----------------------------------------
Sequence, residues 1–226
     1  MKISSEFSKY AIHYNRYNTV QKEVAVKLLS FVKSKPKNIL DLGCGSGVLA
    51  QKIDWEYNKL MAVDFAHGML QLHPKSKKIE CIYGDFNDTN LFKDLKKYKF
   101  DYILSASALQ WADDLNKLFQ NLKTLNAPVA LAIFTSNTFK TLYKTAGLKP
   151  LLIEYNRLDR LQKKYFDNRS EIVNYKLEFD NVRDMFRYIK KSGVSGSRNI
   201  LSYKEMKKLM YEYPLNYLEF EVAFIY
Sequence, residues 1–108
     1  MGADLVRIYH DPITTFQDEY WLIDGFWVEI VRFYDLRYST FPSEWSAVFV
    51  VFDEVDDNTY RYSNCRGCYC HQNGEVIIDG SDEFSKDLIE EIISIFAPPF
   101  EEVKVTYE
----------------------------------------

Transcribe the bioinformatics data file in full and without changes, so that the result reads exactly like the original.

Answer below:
Sequence, residues 1–226
     1  MKISSEFSKY AIHYNRYNTV QKEVAVKLLS FVKSKPKNIL DLGCGSGVLA
    51  QKIDWEYNKL MAVDFAHGML QLHPKSKKIE CIYGDFNDTN LFKDLKKYKF
   101  DYILSASALQ WADDLNKLFQ NLKTLNAPVA LAIFTSNTFK TLYKTAGLKP
   151  LLIEYNRLDR LQKKYFDNRS EIVNYKLEFD NVRDMFRYIK KSGVSGSRNI
   201  LSYKEMKKLM YEYPLNYLEF EVAFIY
Sequence, residues 1–108
     1  MGADLVRIYH DPITTFQDEY WLIDGFWVEI VRFYDLRYST FPSEWSAVFV
    51  VFDEVDDNTY RYSNCRGCYC HQNGEVIIDG SDEFSKDLIE EIISIFAPPF
   101  EEVKVTYE